Review Summary: I’m indulging in dreams again. In the future that continues unclearly,
I can still learn why I can forgive you.
Wow. When thinking of great debut albums, a few traits come to mind. If the artist released work prior, then the album should be both the amalgamation of the artist’s prior work and enough evolution to warrant another release. Some examples include James Blake’s debut, Bjork’s “Debut” and the self-titled debut EP from Mass of the Fermenting Dregs. All of these releases capitalized on what made the artists’ sounds so compelling, so unmissable, and then evolved them into relevance. Enter school food punishment, a band that, prior to their debut, released three critically acclaimed EPs. The band scored several hits before releasing their debut. Single “you may crawl” sold more than 1000 copies in its first week, and EP “riff-rain” became one of the group’s most popular releases internationally. So what comes next? A full-length debut that takes the group’s sound in a more pop-friendly direction while still retaining its flavor.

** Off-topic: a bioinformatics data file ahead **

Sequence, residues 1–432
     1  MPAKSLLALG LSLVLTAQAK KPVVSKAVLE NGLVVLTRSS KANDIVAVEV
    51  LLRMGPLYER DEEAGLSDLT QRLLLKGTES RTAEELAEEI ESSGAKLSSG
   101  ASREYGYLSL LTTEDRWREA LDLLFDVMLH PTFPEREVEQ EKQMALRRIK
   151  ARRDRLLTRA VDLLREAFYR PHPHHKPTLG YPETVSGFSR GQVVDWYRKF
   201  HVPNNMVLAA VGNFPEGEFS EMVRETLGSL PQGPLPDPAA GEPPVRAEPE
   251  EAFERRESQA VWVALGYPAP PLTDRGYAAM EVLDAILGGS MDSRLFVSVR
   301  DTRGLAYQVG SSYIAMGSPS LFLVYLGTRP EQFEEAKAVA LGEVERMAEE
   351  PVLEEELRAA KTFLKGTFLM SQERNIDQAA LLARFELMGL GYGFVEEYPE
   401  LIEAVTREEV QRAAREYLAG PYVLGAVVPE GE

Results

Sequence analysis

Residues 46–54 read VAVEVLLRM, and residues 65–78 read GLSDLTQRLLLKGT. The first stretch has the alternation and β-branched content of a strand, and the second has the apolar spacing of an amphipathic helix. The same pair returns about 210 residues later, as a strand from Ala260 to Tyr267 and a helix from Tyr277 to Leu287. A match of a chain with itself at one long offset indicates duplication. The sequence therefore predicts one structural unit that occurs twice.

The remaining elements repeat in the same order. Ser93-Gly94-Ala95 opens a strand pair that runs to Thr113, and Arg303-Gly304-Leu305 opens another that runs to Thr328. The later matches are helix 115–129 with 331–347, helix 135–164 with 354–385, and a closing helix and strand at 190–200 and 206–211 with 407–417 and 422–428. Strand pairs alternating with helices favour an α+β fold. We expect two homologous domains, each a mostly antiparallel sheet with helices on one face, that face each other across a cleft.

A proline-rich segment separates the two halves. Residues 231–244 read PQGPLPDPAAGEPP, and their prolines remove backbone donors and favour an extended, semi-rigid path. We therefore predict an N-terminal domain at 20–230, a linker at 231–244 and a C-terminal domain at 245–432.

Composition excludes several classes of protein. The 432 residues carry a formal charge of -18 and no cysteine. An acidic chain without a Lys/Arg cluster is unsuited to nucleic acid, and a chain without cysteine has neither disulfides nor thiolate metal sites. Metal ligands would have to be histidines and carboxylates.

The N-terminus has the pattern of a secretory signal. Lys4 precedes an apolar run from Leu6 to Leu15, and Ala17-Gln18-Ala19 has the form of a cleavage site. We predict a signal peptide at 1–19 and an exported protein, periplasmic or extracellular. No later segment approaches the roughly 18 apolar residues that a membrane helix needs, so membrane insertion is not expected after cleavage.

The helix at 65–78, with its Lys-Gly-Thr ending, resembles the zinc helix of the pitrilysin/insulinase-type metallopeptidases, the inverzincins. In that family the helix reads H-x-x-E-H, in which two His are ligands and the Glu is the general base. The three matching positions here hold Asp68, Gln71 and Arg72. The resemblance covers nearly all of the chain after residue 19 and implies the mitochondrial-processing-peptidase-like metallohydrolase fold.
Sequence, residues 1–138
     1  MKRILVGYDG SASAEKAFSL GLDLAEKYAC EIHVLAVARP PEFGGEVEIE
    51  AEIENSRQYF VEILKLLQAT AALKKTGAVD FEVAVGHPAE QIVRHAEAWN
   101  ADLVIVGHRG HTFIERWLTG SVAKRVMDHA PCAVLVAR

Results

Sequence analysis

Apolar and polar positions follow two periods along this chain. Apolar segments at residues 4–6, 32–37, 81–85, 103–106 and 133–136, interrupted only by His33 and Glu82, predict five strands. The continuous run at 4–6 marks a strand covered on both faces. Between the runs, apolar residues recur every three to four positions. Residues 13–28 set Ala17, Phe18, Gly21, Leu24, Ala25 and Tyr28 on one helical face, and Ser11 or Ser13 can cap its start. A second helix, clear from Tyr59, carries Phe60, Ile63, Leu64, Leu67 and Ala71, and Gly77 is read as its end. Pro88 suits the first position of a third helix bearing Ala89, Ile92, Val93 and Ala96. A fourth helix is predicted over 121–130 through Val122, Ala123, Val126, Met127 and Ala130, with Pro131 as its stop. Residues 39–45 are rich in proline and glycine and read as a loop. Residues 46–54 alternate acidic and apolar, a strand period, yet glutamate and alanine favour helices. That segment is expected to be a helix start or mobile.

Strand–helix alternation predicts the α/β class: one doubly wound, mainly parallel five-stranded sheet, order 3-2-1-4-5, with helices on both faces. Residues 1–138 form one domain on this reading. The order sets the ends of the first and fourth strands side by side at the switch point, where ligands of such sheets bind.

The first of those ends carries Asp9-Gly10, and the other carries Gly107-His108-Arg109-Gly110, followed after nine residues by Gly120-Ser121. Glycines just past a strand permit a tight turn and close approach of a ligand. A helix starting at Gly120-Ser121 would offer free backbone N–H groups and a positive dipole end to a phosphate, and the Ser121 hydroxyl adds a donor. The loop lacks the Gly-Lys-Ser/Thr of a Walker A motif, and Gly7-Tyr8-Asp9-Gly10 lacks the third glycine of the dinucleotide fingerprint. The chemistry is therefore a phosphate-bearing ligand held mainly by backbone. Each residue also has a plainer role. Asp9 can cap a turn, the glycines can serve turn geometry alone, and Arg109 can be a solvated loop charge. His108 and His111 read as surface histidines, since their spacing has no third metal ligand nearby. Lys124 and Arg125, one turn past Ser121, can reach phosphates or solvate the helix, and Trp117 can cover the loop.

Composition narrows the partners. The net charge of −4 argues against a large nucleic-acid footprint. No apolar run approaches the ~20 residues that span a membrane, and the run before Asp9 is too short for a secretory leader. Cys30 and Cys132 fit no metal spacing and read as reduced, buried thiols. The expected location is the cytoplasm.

amp-reflection is a curious kind of album. The first three tracks (“signal”, an interlude, “goodblue” and “butterfly swimmer”) weave together an interesting aural tapestry, lending credence to the idea that the band had a planned concept when going into the album. These tracks are as good as or better than any of the tracks on the band’s first three releases. Following that triumvirate is obvious single “future nova,” a well-put together track boasting one of the band’s most accessible choruses. On the song, Uchimura-sama laments her stagnation, singing about being unable to awake from an elaborate dream. The lyrics are standard fare for Uchimura, but are more straight-forward than many of the band’s previous songs. The next few songs mark somewhat of a nadir for the album, with “電車、滑り落ちる、ヘッドフォ” and “light prayer” being some of the album’s more aimless tracks. But the nadir doesn’t last long, as the album hits a stride with the 4-song run culminating in the album’s best track and the most popular song of school food punishment’s career: “futuristic imagination.” The songs deserving the most praise are, of course, “futuristic imagination” and “04:59.”